Apple has agreed to buy a portion of chip supplier Dialog Semiconductor's business in a $600m deal, the two companies said today.

The deal will expand the iPhone maker's chip operations in Europe. 

Since the first iPhones a decade ago, Apple has used Dialog power-management chips to manage their battery life. 

Under the deal, Apple is buying patents, a team of about 300 engineers, most of whom already worked on chips for Apple devices, and Dialog offices in Britain, Italy and Germany. 

Dialog said its 2018 revenue would not be affected and it would continue shipments of existing products to Apple. 

For now, the deal settles questions about future relations between Apple and Dialog, whose shares tumbled this year when it said Apple planned to use chips from another supplier, which was widely believed to be Apple itself. 

Dialog's shares rose 17% in pre-market trading in Frankfurt, as the Apple deal secured their business relationship for the next three years. 

The Anglo-German chipmaker also said it would begin a share buyback programme for up to 10% of its stock following its next quarterly trading update. 

Other chip designers in Europe have struggled to manage their relationship with Apple due to its sheer scale. The UK's Imagination Technologies ended up being sold to a Chinese-backed investment fund last year after losing Apple as a client. 

Half of the deal's value, or about $300m, is cash for the Dialog engineers and offices and the other $300m is pre-payment to Dialog for supplying chips over the next three years, the companies said.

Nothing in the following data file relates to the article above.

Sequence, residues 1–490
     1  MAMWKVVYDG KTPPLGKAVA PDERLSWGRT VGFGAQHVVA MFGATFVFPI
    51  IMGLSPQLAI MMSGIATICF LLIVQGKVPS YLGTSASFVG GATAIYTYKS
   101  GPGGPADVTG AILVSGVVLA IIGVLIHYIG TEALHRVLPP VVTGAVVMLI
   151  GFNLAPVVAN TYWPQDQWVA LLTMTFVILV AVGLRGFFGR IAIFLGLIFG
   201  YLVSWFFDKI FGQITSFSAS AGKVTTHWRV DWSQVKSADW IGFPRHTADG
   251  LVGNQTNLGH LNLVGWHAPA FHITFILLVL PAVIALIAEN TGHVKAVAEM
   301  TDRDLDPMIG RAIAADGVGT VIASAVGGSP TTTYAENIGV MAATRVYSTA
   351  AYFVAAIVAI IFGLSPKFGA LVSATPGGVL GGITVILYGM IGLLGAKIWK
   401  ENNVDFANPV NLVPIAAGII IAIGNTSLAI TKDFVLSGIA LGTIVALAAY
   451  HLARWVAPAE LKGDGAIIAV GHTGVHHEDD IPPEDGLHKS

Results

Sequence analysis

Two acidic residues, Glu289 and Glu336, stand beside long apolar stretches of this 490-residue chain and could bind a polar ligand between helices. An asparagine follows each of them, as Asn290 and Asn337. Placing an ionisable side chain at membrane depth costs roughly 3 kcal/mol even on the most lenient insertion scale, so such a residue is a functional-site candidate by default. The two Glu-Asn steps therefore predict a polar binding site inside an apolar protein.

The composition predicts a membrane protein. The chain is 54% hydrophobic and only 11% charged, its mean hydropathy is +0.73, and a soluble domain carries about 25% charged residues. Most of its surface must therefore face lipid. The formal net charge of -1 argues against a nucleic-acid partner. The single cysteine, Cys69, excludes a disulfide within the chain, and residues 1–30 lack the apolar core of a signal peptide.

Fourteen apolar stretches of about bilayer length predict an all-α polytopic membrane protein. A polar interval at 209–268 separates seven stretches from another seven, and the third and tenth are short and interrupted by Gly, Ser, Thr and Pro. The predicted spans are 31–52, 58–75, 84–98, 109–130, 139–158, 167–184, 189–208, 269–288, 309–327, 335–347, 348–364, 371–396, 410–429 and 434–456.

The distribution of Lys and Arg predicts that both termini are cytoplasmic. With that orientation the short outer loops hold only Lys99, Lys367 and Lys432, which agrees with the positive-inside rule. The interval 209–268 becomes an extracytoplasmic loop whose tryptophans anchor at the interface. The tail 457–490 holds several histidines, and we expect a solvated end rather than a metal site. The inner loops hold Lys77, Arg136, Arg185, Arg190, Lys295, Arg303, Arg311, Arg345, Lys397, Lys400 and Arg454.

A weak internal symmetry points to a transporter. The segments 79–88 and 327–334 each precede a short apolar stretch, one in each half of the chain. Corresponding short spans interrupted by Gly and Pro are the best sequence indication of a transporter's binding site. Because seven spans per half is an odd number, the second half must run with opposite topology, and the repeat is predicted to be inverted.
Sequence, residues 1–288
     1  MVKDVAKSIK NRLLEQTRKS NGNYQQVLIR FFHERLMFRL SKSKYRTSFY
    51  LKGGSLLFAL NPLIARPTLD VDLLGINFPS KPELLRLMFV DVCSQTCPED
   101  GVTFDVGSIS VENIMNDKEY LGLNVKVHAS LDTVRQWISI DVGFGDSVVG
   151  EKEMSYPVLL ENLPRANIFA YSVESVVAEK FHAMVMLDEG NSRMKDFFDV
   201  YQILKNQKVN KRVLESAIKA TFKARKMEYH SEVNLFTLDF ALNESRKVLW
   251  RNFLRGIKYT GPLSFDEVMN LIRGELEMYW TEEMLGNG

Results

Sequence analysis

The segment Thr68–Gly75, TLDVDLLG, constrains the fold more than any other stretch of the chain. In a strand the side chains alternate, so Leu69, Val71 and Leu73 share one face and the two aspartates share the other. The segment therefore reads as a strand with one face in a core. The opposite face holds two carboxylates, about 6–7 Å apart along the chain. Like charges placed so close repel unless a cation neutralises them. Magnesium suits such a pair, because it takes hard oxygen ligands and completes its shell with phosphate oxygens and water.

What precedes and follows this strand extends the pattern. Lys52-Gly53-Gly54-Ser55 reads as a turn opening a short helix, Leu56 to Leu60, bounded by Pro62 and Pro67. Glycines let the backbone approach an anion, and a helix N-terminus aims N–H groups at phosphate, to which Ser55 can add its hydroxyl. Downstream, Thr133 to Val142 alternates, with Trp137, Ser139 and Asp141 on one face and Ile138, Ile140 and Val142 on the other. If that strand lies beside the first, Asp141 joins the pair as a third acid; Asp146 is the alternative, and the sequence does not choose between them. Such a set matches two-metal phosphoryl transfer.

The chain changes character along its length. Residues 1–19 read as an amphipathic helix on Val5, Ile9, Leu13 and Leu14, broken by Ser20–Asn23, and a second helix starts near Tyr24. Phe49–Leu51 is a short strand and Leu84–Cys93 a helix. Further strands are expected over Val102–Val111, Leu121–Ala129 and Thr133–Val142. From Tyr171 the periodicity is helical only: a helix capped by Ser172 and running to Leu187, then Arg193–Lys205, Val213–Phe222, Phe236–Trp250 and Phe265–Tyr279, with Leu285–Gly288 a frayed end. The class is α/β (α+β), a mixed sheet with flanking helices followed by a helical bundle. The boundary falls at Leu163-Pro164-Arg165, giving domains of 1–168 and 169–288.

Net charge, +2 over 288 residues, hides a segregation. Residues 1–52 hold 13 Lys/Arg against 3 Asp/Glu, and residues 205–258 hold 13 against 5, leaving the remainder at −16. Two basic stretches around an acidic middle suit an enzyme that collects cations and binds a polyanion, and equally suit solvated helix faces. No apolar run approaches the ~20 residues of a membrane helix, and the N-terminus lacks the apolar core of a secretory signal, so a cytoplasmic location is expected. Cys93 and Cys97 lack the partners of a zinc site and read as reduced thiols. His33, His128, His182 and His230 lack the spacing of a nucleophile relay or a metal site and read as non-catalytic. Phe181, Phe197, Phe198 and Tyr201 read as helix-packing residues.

Dialog said it would continue to deliver chips to other customers, focusing on the automotive and internet-of-things markets, among others. 

"This transaction reaffirms our long-standing relationship with Apple, and demonstrates the value of the strong business and technologies we have built at Dialog," Dialog CEO Jalal Bagherli said. 

The deal represents an expansion of Apple's chip design operations, which kicked into high gear in 2010 when the company released its first custom processor for the iPad and iPhone. 

Apple is buying about 16% of Dialog's workforce. 

Apple said these employees would stay in Europe and would report to Johny Srouji, the company's senior vice president of hardware technologies who oversees Apple's chip design efforts. 

"Dialog has deep expertise in chip development, and we are thrilled to have this talented group of engineers who’ve long supported our products now working directly for Apple," Srouji said. 

"Our relationship with Dialog goes all the way back to the early iPhones, and we look forward to continuing this long-standing relationship with them." 

Apple has added around 20,000 employees in Europe since 2000. It already has a chip design centres in Munich, Germany, where it employs 1,000 staff, and St Albans, Britain. 

Today's deal will give Apple four more from Dialog, in Livorno in Italy, Swindon in Britain, and Nabern and Neuaubing in Germany. 

The transaction is expected to close in the first half of 2019, subject to customary closings and regulator approvals, Dialog said.